|Researchers Discover Molecular Differences between Low-Grade
and High-Grade Ovarian Cancers
A new study suggests that ovarian tumors classified as serous borderline or
low malignant potential (LMP) are not early precursors in the development of
aggressive ovarian cancer, but may instead be part of an entirely different class
of tumors. Furthermore, genes that were identified in this study as being expressed,
or active, in these different classes of tumors could help identify targets for
more specific diagnostics and therapies to treat this disease.
LMP is different than serous high-grade ovarian tumors (more aggressive tumors)
yet shares remarkable similarities with serous low-grade ovarian tumors (less
aggressive tumors). Both serous high-grade and low-grade ovarian tumors are types
of invasive ovarian cancer. Whether serous LMP tumors can give rise to invasive
ovarian cancers has been controversial.
The results of this study, which was conducted by a research team that included
scientists from the National Cancer Institute (NCI), part of the National Institutes
of Health, the Dana-Farber Cancer Institute, Boston, Mass., and the M.D. Anderson
Cancer Center, Houston, Texas, appears in the November 15, 2005, issue of Cancer
Research*. The study was supported by a Specialized
Program of Research Excellence (SPORE) grant from the NCI. The research teams
from the Dana-Farber Cancer Institute and M.D. Anderson Cancer Center are SPORE
Using a gene expression technique that reveals which genes are turned on or
off in a cell, the researchers identified distinct differences between the gene
expression profiles of LMP tumors and high-grade ovarian malignancies. The gene
expression results suggested that serous low-grade ovarian tumors are more similar
to LMP tumors than to serous high-grade ovarian cancers and that different biochemical
pathways may be involved in the development of LMP and low-grade tumors compared
to high-grade tumors.
“Patients with serous low-grade or high-grade ovarian tumors currently receive
the same treatment, which is surgery followed by chemotherapy. However, the finding
that low-grade tumors are more similar to LMP tumors has significant therapeutic
implications,” said Michael Birrer, M.D., Ph.D., study leader and head, Molecular
Mechanism Section at NCI. “Women with low-grade invasive tumors may benefit from
therapies that are different from those given to patients with high-grade tumors.
Furthermore, the biochemical pathways identified in this study may provide targets
for more rational therapies for these different tumor types.”
The most common type of ovarian cancer arises from the epithelial cells that
line the surface of the ovary. Epithelial ovarian tumors, approximately 50 percent
of which are classified as serous (the cells have glandular features), constitute
80 percent of all ovarian tumors. The classification of invasive serous ovarian
tumors as either low-grade or high-grade is an indication of the clinical course
of the disease, with high-grade tumors having the poorest prognosis. David M.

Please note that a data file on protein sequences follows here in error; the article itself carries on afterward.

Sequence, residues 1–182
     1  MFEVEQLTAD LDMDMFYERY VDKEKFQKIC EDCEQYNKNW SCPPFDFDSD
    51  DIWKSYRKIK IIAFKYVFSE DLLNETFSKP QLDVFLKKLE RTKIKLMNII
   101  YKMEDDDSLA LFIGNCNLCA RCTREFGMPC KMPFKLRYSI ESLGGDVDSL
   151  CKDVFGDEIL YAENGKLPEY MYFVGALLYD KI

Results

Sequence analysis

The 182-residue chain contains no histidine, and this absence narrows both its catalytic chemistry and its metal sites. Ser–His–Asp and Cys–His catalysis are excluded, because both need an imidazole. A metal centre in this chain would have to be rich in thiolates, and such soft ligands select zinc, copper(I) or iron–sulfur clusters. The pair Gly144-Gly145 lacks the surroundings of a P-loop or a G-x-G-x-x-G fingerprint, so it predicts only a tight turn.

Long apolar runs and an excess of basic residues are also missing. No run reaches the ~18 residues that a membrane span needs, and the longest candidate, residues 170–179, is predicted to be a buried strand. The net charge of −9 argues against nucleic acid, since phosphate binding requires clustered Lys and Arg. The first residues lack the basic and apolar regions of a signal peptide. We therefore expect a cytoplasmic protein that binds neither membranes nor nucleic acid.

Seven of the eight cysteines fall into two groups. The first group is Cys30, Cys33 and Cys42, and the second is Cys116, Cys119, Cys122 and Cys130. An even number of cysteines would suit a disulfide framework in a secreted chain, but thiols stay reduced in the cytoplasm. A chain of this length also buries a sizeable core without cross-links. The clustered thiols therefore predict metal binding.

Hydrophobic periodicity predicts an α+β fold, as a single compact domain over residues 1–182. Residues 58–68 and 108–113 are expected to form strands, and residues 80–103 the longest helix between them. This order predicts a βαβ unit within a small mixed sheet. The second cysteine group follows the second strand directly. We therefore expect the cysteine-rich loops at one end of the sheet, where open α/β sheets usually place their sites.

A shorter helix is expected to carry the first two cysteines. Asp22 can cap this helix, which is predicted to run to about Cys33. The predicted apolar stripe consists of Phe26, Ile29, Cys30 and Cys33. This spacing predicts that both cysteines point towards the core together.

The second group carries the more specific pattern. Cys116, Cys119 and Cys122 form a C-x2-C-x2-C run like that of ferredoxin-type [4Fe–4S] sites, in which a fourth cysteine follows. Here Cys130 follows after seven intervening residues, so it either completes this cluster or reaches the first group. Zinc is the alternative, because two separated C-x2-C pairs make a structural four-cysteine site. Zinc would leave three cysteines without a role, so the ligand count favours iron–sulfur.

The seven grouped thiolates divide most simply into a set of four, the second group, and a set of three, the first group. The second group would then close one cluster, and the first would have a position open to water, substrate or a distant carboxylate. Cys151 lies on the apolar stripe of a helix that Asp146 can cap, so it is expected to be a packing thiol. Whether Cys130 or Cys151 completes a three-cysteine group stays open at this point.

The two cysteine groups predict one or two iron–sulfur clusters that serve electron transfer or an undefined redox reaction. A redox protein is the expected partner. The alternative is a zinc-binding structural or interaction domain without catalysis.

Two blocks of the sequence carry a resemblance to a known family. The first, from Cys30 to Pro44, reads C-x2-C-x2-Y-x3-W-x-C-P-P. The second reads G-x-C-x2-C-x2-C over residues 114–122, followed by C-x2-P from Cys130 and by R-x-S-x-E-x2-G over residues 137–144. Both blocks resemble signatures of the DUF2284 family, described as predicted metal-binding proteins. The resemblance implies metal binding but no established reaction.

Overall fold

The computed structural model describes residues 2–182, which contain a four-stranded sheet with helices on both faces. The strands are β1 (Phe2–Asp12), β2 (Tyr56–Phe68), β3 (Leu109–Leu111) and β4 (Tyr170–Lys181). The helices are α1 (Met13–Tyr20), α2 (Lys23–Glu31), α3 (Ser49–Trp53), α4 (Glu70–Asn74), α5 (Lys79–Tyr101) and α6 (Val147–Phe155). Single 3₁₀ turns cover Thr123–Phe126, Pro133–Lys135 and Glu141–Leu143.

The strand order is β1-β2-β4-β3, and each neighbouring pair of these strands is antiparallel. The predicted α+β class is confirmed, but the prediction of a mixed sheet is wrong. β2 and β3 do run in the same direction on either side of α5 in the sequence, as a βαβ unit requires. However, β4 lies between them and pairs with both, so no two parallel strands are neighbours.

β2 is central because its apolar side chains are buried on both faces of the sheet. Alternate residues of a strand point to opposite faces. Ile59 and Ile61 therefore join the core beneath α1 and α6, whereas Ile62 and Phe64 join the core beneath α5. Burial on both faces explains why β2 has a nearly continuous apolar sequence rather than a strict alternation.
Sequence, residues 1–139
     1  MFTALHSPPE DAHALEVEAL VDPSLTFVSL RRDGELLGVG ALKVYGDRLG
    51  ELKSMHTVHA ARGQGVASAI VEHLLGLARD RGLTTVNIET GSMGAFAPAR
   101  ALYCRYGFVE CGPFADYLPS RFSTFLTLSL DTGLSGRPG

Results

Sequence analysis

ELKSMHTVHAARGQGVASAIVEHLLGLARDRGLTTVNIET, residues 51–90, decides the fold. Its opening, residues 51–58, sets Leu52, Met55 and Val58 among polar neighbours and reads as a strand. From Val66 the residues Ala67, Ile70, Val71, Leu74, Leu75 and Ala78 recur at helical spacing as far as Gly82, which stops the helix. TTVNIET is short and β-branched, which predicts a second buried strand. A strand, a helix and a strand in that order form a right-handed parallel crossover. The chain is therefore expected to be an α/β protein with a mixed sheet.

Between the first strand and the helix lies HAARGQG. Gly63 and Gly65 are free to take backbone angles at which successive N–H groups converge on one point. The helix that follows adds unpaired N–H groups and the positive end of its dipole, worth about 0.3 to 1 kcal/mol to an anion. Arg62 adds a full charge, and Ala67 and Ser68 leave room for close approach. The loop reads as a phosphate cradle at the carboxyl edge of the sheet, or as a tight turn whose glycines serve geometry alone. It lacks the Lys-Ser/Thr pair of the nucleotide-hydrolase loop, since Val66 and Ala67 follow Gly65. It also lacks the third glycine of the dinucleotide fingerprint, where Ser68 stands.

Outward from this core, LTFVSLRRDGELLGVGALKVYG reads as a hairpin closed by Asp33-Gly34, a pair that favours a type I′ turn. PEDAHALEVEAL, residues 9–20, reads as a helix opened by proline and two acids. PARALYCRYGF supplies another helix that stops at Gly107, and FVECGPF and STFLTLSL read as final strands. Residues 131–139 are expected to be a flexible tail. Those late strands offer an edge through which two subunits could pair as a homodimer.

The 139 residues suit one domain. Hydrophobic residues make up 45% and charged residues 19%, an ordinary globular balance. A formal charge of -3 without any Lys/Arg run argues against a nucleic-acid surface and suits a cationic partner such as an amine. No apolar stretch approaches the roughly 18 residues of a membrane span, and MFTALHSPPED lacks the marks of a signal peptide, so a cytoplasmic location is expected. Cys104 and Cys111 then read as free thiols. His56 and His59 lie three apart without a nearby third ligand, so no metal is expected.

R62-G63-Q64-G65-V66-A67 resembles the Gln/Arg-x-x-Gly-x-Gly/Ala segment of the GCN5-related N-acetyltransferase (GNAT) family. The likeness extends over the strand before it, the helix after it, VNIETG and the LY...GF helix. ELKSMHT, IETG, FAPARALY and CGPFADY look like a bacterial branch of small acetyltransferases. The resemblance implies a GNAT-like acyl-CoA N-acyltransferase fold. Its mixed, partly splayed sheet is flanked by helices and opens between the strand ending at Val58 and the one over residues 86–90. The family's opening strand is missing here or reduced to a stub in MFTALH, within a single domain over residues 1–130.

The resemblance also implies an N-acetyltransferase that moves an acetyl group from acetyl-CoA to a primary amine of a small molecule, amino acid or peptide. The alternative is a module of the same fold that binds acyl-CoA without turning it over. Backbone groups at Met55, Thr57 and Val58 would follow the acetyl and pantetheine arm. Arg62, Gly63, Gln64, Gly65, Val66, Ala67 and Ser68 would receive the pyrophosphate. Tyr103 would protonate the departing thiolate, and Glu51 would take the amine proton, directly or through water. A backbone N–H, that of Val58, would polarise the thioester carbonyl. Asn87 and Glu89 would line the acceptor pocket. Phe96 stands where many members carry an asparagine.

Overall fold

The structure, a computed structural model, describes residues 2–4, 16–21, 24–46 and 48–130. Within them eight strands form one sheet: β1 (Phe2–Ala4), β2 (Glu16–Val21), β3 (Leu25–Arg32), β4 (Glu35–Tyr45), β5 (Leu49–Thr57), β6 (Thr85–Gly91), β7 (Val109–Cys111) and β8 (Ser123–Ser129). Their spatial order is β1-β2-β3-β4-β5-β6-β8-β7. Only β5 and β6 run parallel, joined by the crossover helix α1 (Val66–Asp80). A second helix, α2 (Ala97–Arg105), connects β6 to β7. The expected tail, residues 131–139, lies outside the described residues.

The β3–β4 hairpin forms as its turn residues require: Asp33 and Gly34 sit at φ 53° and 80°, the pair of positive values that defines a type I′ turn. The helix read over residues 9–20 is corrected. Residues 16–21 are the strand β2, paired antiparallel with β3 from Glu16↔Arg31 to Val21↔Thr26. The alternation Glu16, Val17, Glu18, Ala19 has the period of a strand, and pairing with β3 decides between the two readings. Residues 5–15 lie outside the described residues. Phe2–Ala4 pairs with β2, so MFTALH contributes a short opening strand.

Gershenson, M.D. a co-author from M.D. Anderson Cancer Center noted, "The classification
of invasive serous ovarian tumors as either low-grade or high-grade is an indication
of the clinical course of the disease with high-grade tumors having the poorer
This study compared gene expression in ovarian tumors and normal epithelial
cells. High-grade tumors over-expressed genes that control various cell functions
related to the development of cancer. These genes included those that control
cell growth or cause DNA instability, as well as genes that can silence the expression
of other genes, information that may provide important clues about why certain
tumors are more aggressive than others. In contrast, low-grade and LMP tumors
did not over-express these genes, and the gene expression profiles of LMP and
low-grade tumors were similar. LMP tumors were characterized by the expression
of growth control pathways, such as the p53 pathway in the cell. These findings
suggest that distinct biological mechanisms may be involved in the initiation
of LMP and high-grade tumors and that some LMP tumors may give rise to invasive
“This study analyzed over 40,000 genes that were expressed in these different
ovarian tumor types. Using the gene expression profiles we can determine the
relationship between these tumors,” said Birrer.
The tumors analyzed in this study included a total of 80 primary ovarian tumors.
Of these, 20 were LMP tumors, all of which were classified as grade 0 and half
of which were classified as stage I. The remaining 60 tumors were invasive cancers.
The majority of these were grade 3, stage III. Gene expression was also assessed
in 10 samples of normal ovarian epithelial tissue.
“This study is unique because the cancer cells analyzed were obtained by microdissecting
the tumor. This is a very precise method to obtain a pure sample of tumor cells,” said
Samuel Mok, Ph.D., associate professor, Harvard, and study collaborator. “The
genes identified were expressed specifically in the ovarian cancer cell and may
provide insights into how genes within cancer cells are modulating normal cells
to support malignant tumor growth.”
Among gynecologic malignancies, ovarian cancer has the highest rate of mortality
in women in the United States with an estimated 22,220 new cases in 2005 and
over 16,000 deaths.
For more information about cancer, visit the NCI Web site at http://www.cancer.gov or
call NCI's Cancer Information Service at 1-800-4-CANCER (1-800-422-6237).
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